Q3. I would like to know a little more specifically about the short, medium and long term. How long is each and is there any special division in your organization as to who is responsible for each one? And is there a specific target in terms of the differences in the terms?
Short term is today. Midterm is tomorrow through 30 days. Long term is 31 days to infinity. Everyone has the same short and mid term. Different departments have different long-term goals. For example, the reason marketing has five years for their limit is that there is too much change after five years, and I want them to have a goal that they will be able to attain. Some marketing projects take three to five years before finding out if it works. For sales, long term is one to two years. The head of sales is looking at this season and next season. But in group sales, where we sell 30 tickets for a game to one group or individual, it is only one season. Ticket sales' long term is four months. We look at each of our departments and choose a different length for their long term. The higher you are, the longer your long term is.
Q4. On the great improvement of relations between the United States and Cuba, given your location, how are you working to capitalize on this? Also, how do you view the Moneyball concept?
Moneyball is not real at all. The movie and book are both fiction. Here is why. They had the best pitcher, three of the best pitchers, and the best position player of any team, which was not told in the movie. Moneyball would make you think they only use numbers. That is not true.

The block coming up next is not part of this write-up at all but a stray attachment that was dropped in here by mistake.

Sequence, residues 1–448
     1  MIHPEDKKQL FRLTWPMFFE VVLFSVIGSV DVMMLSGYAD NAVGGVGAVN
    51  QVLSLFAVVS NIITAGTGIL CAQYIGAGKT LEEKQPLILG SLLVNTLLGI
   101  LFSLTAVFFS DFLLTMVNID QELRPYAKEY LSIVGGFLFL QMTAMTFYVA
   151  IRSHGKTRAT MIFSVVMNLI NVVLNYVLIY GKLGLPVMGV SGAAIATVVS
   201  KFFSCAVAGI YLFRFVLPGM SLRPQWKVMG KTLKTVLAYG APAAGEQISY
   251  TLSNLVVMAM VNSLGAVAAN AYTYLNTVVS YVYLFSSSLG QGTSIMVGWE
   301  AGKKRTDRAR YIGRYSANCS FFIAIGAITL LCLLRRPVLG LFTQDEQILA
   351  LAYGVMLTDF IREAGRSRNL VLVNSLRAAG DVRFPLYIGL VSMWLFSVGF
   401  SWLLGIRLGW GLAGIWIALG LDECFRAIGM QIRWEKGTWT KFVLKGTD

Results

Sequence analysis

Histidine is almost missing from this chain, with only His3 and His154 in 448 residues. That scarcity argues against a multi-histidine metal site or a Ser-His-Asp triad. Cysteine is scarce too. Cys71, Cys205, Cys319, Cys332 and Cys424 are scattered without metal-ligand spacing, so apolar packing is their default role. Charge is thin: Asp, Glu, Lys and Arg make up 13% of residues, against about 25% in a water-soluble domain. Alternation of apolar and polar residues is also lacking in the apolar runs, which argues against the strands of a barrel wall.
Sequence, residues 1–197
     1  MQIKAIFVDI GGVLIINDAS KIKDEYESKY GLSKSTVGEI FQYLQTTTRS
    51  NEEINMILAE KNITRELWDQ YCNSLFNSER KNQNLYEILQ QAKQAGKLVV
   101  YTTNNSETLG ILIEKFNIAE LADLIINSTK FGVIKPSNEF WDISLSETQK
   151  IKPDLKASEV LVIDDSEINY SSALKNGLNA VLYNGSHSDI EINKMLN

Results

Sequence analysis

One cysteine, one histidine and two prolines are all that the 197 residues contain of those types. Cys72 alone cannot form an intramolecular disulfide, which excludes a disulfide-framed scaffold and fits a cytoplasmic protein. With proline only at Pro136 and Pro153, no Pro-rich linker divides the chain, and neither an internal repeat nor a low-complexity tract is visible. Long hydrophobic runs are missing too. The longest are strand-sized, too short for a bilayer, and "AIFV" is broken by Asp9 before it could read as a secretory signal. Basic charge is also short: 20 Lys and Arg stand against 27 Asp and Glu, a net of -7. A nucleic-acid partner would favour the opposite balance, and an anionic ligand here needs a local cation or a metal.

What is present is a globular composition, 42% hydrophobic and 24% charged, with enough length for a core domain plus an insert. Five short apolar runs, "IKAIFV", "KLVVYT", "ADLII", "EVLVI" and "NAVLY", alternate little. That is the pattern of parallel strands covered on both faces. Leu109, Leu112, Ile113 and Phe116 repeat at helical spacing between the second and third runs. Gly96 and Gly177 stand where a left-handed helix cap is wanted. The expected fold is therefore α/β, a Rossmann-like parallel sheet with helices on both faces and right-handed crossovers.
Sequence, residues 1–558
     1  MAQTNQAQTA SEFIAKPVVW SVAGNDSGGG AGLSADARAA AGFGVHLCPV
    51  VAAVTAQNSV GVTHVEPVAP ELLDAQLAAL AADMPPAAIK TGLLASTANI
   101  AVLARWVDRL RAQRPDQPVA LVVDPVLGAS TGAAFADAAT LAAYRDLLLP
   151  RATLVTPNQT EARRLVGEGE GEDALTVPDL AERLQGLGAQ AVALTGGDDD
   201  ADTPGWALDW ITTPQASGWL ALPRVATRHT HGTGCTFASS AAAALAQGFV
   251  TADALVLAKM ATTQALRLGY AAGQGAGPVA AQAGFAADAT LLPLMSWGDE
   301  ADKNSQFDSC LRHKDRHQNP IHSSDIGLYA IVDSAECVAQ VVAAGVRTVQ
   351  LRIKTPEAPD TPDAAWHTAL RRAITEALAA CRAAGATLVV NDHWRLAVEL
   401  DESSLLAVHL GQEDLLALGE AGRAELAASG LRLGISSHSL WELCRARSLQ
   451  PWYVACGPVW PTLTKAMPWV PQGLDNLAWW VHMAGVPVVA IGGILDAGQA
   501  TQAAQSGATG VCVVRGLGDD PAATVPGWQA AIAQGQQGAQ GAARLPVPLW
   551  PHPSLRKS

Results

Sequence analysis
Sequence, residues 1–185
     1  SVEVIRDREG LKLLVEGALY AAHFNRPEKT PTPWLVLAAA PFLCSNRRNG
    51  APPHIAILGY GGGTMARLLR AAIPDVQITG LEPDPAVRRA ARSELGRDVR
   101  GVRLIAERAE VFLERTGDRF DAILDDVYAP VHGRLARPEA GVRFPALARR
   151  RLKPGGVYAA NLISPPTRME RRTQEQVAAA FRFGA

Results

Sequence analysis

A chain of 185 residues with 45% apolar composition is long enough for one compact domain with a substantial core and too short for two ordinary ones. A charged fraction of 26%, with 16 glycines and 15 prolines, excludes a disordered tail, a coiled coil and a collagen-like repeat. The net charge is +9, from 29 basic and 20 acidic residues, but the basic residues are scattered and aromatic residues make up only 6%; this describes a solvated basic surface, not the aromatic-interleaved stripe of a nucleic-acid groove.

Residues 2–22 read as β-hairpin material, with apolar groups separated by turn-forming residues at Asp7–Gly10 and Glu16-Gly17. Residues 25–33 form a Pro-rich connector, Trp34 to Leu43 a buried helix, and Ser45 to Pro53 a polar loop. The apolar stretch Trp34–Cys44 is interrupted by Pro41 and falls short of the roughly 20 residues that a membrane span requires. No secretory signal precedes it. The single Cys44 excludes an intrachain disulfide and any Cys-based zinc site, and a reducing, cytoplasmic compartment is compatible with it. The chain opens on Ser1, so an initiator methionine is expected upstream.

As for Cuba, the atrocities of Fidel Castro will never be forgotten, especially in Miami. The renewed and improving relationship between the United States and Cuba does not change what Castro did to the people. I do, however, have a long-term plan. My mid-term idea is to listen to Cuban-Americans. Presently, older Cuban-Americans say never, middle-age Cuban-Americans say they would never go to Cuba but they might be okay with Cuban baseball players, and young Cuban-Americans want a better baseball team, and they are fine with the idea. I need to wait for someone else, though. I cannot be first into Cuba. Miami cannot go first. I believe many companies will make mistakes in Cuba. There are so many things that need to happen in terms of the antiquated infrastructure of the country. You have to be very careful. So, we have to be strategic, but we have a different agenda than the other 29 teams.
Q5. I wonder if professional sports teams would be helpful for the promotion of sports for health for people.
Will the growth of Japanese sports be related to the growth of people participating in sports? I do not believe that that is the correlation. We are involved in getting children active. In the United States, we fight something that I've never seen in Japan called "obesity." We have the fattest people in the world. The reason is that Americans do not eat well, do not exercise, and are generally lazy. We are trying to get people off their couch, not necessarily to get them to play sports. We just want to elevate their heart rate.
In terms of the sports business, our business is not made up of former baseball players. There are not enough former baseball players to make a fan base. I want people who want memories. Major League Baseball is only involved in youth baseball because we need players and you have to have kids play baseball. It's the "funnel." That's why we build academies all around the United States. It is always better to have kids play sports than walking the streets or doing nothing, but there are many things that help kids, such as reading or debating. To grow our business, we do not need only baseball fans and players. We need people who want memories. We need to educate people that memories are made through baseball.